This image shows only the swells directed at El Rincon that coincided with light winds or offshore conditions through a typical northern hemisphere autumn. It is based on 5144 predictions, one every 3 hours. The direction of the spokes show where quality surf generating swell comes from. Five colours illustrate increasing wave sizes. Blue shows the smallest swells, less that 0.5m (1.5 feet) high. Green and yellow illustrate increasing swell sizes and highest swells greater than >3m (>10ft) are shown in red. In either graph, the area of any colour is proportional to how commonly that size swell was forecast.
The diagram implies that the most common swell direction, shown by the largest spokes, was S, whereas the the dominant wind blows from the NNW. The chart at the bottom shows the same thing but without direction information. For example, swells larger than 1.5 feet (0.5m) coincided with good wind conditions 0.5% of the time, equivalent to 0 days. Open sea swells exceeding >3m (>10ft) are unlikely to occur in a normal northern hemisphere autumn but 5% of the time you can expect swell in the range 1.3-2m (4-6.5ft) 5%, equivalent to (5 days). Taking into account the proportion of these swells that coincided with forecast offshore winds, and given the fact that El Rincon is quite sheltered from open water swells, we think that that clean surf can be found at El Rincon about 0.5% of the time and that surf is spoilt by onshore wind 1.5% of the time. This is means that we expect 2 days with waves in a typical northern hemisphere autumn, of which 0 days should be surfable.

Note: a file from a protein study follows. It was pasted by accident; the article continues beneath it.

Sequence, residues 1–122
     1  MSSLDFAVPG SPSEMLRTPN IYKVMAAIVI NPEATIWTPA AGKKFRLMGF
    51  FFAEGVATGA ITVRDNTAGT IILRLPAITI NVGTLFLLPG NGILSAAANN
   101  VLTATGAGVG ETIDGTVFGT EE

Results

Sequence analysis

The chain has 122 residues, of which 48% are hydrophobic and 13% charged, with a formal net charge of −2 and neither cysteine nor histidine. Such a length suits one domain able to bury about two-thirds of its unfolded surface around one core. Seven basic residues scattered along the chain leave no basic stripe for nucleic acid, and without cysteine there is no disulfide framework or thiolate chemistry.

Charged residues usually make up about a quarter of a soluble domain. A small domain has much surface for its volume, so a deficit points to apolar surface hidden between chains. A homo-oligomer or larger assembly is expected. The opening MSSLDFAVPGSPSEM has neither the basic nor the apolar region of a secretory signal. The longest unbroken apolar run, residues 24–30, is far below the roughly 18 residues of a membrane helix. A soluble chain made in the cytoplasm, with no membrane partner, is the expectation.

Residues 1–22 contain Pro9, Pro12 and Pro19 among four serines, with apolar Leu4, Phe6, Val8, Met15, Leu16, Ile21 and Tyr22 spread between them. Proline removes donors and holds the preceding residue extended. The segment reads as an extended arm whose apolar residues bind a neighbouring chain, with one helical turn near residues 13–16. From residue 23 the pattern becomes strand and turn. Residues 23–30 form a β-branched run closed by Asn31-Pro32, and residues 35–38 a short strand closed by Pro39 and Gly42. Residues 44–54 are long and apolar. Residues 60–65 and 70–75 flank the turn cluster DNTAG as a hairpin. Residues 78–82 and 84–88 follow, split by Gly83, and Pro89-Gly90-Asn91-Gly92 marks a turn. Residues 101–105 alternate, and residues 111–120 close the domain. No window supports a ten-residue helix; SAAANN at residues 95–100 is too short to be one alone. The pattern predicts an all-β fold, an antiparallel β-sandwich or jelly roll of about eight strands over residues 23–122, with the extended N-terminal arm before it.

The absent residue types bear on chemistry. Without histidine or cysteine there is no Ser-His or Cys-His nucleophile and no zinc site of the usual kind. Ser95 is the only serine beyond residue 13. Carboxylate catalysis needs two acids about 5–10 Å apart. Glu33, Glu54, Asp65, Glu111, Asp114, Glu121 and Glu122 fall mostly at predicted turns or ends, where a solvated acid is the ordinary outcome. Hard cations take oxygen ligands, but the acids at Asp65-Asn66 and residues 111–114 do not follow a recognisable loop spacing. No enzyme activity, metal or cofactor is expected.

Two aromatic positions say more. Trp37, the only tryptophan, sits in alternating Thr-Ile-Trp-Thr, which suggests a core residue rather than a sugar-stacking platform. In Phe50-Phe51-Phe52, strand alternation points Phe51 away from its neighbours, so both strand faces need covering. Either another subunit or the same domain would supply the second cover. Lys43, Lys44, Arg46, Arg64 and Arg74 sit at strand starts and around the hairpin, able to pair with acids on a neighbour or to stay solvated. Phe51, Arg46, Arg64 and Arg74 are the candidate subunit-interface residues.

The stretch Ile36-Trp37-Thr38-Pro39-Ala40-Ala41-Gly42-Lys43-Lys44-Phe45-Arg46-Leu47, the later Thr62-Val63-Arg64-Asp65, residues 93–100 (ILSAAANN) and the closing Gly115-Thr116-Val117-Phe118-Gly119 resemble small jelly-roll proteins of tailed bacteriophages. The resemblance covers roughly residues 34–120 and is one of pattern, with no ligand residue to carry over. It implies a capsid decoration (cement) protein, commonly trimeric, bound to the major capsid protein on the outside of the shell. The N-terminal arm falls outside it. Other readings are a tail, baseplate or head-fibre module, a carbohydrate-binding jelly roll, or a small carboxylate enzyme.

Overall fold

IMPORTANT: Beta version feature! Swell heights are open water values from NWW3. There is no attempt to model near-shore effects. Coastal wave heights will generally be less, especially if the break does not have unobstructed exposure to the open ocean.